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Gin palace

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Princess Victoria, Uxbridge Road, London

A gin palace (also gin house[1] and gin shop)[2] is an English name originally for a lavish bar selling gin, later transferred by association to late Victorian pubs designed in a similar style.[3]


In the 18th century, gin shops or 'dram shops' were just small shops (often originally chemist's shops as gin originally had medicinal associations) that sold gin mostly to take away or to drink standing up. As the legislation changed, establishments generally became larger and also had to be licensed and sell ale or wine. The earliest 'Gin Palaces' emerged in the 1830s,[4] Thompson and Fearon's in Holborn and Weller's in Old Street, London. They were based on the new fashionable shops being built at the time, fitted out at great expense and lit by gas lights. They were thought to be vulgar at the time, although they were hugely popular. Charles Dickens described them as "perfectly dazzling when contrasted with the darkness and dirt we have just left…" in his Sketches by Boz.

The design influenced many aspects of later Victorian pubs, even after gin had declined in importance as a drink; the bar in pubs is based on the shop counter of the gin palace, designed for swift service and ideal for attaching beer pumps; the ornate mirrors and etched glass of the late 19th century. The term has survived for any pub in the late 19th-century style; as this was the peak of pub building in Britain the style has become associated with the pub, even though none of the original gin palaces survives.

Well-preserved examples of the late 19th-century style include:

Pleasure boats[edit]

In the 20th century, the term "gin palace" came to be used for large ostentatious pleasure craft, such as a motor yacht or luxury yacht, typically moored in a marina and fitted with a sun deck used for outdoor entertaining and leisure, normally involving alcoholic drinks.[5][6]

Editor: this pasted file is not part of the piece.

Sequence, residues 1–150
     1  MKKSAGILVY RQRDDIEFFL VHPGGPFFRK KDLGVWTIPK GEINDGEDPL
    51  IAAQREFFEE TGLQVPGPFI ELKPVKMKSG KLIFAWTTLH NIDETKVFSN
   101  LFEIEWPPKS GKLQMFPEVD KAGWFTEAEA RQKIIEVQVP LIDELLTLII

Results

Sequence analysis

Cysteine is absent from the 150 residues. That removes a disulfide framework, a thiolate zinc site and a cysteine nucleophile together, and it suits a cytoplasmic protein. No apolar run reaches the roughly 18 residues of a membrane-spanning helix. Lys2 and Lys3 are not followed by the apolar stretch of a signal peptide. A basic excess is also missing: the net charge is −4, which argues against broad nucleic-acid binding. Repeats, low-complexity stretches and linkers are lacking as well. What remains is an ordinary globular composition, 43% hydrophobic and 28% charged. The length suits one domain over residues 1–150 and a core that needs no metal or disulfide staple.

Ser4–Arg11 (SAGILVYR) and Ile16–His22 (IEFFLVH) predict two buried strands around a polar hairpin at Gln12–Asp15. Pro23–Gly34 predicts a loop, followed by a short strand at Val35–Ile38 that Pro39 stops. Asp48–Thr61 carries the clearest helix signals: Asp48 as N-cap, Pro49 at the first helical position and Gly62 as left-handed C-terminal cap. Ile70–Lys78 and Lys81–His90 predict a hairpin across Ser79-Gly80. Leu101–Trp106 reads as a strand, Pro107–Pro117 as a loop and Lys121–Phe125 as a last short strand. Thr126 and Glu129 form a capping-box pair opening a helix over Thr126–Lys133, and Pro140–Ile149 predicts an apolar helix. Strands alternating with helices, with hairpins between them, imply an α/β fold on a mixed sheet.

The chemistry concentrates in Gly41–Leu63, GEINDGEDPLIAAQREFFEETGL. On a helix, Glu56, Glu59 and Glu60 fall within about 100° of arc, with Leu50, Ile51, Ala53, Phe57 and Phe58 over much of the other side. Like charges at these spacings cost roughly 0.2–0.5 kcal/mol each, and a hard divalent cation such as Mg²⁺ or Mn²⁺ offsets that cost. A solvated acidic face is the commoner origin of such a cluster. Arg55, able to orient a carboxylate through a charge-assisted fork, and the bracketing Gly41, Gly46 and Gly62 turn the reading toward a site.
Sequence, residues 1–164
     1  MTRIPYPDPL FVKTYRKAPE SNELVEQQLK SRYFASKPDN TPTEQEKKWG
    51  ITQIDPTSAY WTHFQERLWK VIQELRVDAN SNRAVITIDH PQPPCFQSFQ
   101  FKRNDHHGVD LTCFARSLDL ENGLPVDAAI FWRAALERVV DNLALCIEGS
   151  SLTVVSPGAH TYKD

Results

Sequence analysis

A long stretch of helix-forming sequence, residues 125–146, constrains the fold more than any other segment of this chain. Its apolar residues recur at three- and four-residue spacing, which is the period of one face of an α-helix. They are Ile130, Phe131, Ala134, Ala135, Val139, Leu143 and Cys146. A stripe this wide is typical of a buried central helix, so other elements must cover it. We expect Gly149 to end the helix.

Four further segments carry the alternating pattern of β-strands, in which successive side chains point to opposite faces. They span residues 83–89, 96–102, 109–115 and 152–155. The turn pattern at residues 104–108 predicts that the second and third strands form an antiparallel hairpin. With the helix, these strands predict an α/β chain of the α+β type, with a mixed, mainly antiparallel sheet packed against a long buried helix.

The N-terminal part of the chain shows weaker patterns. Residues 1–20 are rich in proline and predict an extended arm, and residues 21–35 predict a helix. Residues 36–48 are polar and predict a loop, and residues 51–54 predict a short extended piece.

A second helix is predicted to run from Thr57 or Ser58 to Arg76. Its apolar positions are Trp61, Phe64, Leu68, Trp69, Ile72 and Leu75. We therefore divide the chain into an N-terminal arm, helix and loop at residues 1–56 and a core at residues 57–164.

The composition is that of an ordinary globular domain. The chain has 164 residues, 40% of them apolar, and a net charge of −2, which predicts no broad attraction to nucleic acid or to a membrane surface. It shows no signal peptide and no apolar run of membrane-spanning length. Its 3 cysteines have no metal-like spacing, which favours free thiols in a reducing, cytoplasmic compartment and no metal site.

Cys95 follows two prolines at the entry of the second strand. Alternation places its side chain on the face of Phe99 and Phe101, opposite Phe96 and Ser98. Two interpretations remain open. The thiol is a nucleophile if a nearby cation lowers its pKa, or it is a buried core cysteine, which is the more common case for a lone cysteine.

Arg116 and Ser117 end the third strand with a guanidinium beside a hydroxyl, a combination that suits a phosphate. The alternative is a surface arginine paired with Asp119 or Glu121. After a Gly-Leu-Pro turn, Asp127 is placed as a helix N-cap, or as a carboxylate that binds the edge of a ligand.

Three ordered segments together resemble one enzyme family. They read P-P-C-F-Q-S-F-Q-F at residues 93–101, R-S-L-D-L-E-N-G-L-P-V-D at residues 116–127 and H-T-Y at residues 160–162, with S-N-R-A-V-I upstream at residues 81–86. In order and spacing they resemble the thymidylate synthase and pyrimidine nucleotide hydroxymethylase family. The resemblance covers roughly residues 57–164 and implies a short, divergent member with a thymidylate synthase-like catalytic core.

Because of her luxurious fittings and a corruption of her name ("A Gin Court"), the 1913 battleship HMS Agincourt was referred to as the "Gin Palace" in the Royal Navy.


  1. ^ "Definition gin house". lexico.com.[dead link]
  2. ^ "Gin-Shop Definitions". finedictionary.com.
  3. ^ Jackson, Lee (2021-07-19). "The Gin Palace". Yale University Press. Retrieved 2024-01-11.
  4. ^ Jackson, Lee (2019). Palaces of Pleasure: From Music Halls to the Seaside to Football, How the Victorians Invented Mass Entertainment. Yale University Press. p. 6. ISBN 978-0-300-24509-7.
  5. ^ Ltd, The Financial Times. "Pensions Expert - News, analysis and comment on UK workplace pension schemes". Archived from the original on 2023-07-18. Retrieved 2007-02-05.
  6. ^ "Yachts Going on (From Bournemouth Echo)". Archived from the original on 2007-09-27. Retrieved 2007-02-05.


  • Licensed to Sell: The History and Heritage of the Public House, Geoff Brandwood, Andrew Davison, Michael Slaughter. ISBN 1-85074-906-X
  • Palaces of Pleasure: From Music Halls to the Seaside to Football, How the Victorians Invented Mass Entertainment, (2019) Lee Jackson. Yale University Press. ISBN 0-30025-478-4

External links[edit]